Auburn Avenue is one of the more vital currents flowing through the City Too Busy to Hate: An open air mueseum, one that provides an architectural record of the burgeoning Civil Rights Movement. It is also one of the few places in the United States where you can actually feel the history floating in the air around you. Usually you can pick up this 'feeling' all over Europe, where the Past is more than just an expensive shopping district where tourists window shop for fragile relics and crumbling documents, but rather acts as a palpable ghost, whose echos can be sculpted intuitively into an individually unique understanding. Auburn has this Ghost.

One of the often overlooked attractions here in the heart of the King Legacy, is the Prince Hall Grand Lodge as well as the integral role played by the African-American Children of the Widow throughout the South. I found this shop while cruising down Jackson Street. Sitting across from the MLK Historic Site's winding park, a pair of Eye of Horus's stare unblinkingly out across Auburn at the prestigious Ebenezer Baptist Church. Here we have a wonderful juxtaposition of symbols and frozen rituals. A crossroads of initiations, ceremonies, baptisms and burials. Where one can kneel before the great mysteries or cross the street and pursue them through library forests of estoric academia.

Hard to believe that only three blocks down towards the shores of the skyline, that Auburn becomes a ghetto no mans land. Perhaps it's because temples, lodges and churches have always thrived in the human heart of raw desperation.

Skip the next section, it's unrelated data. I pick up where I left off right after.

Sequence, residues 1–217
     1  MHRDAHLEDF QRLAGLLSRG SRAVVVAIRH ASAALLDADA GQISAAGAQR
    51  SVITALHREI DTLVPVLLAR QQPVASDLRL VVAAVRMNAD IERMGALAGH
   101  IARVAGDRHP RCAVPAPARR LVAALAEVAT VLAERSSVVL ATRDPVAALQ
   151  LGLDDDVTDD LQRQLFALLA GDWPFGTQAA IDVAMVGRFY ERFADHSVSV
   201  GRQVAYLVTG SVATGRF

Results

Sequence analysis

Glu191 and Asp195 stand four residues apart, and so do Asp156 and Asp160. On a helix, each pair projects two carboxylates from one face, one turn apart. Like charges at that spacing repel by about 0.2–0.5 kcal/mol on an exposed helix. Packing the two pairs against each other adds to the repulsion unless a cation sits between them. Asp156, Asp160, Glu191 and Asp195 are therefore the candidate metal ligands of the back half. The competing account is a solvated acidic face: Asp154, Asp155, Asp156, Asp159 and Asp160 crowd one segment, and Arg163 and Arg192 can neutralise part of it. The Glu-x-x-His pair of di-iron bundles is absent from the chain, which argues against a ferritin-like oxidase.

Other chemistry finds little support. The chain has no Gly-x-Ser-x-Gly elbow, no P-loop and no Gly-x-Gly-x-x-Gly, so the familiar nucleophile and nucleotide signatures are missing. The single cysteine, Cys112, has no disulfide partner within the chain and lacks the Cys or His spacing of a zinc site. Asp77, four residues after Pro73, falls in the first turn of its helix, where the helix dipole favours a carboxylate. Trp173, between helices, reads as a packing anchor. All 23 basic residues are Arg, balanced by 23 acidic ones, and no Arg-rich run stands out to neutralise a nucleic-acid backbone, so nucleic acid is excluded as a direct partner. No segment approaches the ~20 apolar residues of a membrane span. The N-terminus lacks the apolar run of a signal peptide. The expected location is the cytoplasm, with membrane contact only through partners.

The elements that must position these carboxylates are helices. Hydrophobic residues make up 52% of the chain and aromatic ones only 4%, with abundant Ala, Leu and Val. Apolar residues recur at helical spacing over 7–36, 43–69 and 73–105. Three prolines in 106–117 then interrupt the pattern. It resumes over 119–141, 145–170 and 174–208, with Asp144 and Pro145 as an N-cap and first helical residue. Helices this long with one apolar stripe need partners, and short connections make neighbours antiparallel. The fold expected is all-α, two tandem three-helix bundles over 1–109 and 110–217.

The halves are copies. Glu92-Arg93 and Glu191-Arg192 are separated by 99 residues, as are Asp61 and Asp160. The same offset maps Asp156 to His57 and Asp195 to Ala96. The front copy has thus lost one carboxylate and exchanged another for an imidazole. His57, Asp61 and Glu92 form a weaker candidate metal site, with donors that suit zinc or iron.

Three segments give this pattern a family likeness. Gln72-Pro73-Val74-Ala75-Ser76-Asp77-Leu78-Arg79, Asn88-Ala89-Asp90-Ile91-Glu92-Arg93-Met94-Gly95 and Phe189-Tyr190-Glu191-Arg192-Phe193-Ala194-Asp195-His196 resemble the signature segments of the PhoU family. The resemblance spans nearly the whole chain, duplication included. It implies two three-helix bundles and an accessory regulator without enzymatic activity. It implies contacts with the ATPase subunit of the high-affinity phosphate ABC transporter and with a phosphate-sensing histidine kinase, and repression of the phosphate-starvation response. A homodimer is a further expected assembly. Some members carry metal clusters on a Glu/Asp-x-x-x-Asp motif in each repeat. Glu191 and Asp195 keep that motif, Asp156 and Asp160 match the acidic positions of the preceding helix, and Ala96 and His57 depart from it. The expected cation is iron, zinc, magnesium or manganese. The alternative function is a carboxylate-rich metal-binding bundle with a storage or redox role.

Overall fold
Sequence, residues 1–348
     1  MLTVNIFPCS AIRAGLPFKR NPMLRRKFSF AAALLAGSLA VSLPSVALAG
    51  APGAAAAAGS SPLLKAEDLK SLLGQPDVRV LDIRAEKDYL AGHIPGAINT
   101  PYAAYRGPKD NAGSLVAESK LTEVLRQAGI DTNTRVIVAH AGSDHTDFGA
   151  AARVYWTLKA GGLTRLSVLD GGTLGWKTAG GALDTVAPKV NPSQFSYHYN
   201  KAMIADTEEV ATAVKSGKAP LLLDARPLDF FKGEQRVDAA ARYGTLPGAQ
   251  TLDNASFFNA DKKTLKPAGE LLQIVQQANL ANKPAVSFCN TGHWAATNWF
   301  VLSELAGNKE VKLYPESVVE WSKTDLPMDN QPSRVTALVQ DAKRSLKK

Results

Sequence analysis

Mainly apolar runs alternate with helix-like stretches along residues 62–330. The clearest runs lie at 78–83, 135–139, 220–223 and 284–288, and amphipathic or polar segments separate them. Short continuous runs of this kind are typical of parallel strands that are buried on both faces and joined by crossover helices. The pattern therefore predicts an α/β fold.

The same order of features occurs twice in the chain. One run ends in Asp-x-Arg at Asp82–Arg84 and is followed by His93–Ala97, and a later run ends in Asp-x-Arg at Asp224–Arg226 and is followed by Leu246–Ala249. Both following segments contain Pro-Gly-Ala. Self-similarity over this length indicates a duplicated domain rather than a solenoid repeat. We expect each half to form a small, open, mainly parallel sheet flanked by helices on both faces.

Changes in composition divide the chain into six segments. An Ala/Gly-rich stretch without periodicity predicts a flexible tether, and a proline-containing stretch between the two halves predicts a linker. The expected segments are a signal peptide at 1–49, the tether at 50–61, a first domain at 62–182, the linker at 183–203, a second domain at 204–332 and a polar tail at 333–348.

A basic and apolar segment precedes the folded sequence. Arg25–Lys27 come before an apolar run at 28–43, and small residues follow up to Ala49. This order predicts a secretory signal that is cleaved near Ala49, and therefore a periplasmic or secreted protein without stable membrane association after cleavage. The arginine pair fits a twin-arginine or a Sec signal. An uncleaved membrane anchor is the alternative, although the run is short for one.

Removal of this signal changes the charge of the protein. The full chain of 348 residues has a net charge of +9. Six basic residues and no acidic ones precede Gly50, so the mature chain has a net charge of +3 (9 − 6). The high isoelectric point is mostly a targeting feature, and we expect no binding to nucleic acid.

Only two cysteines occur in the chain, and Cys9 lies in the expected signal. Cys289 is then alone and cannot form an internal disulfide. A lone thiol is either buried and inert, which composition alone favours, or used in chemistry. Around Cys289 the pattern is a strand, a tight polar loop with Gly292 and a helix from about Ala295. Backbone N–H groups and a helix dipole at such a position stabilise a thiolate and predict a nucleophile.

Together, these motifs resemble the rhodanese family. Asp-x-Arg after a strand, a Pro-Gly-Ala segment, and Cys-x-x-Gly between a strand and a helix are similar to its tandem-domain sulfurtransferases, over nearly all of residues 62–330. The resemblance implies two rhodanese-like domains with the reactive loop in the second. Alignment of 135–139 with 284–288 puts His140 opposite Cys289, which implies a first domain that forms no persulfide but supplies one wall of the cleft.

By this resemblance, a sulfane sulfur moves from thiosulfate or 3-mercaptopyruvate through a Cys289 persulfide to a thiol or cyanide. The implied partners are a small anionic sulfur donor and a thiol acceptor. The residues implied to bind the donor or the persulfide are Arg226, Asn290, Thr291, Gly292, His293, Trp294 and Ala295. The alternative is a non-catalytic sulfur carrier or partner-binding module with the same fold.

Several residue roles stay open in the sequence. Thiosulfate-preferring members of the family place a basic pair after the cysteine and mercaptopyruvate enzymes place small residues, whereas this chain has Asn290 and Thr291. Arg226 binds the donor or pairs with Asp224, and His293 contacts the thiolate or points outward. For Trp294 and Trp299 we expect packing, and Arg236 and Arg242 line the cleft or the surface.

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Room 13
May 27th, 2007
~Rob M


Through my photographic travels across Atlanta i've come to the opinion that what i'm doing isn't so much art as it is a variation on the act of butterfly collecting. The indulgence of an archaelogical (rather than a merely bureaucratic) instinct, that compels me to preserve and record the changing urban landscape of what i've come to call 'The Dead Places'. Forgive the floweriness of the term (in truth i've always wanted to create my own 'Phantom Zone') but I also do so to designate the series of ruins spread throughout our city; the minature ghost towns, squat houses, gutted out office complexes and the abandoned factories that are tucked throughout the varying neighborhoods here. What fascinates me about the "dead places' is that they are areas existing not only after a set of failed social-econmic strategies (housing projects, ghettos) but also exist simultaneously before the beginning of another set (urban renewal, gentrification). Areas in short that are in a 'state of play' (for the Derridarwinain inclined) between abandonment and progress. Being both while at the same time being neither it develops it's own je na sais quoi - offering a kind of poetry of decay and a gallery for aesthetic vandalism but not a permanent one - for soon it will be gutted out, made into lofts, coffee shops and parking lots.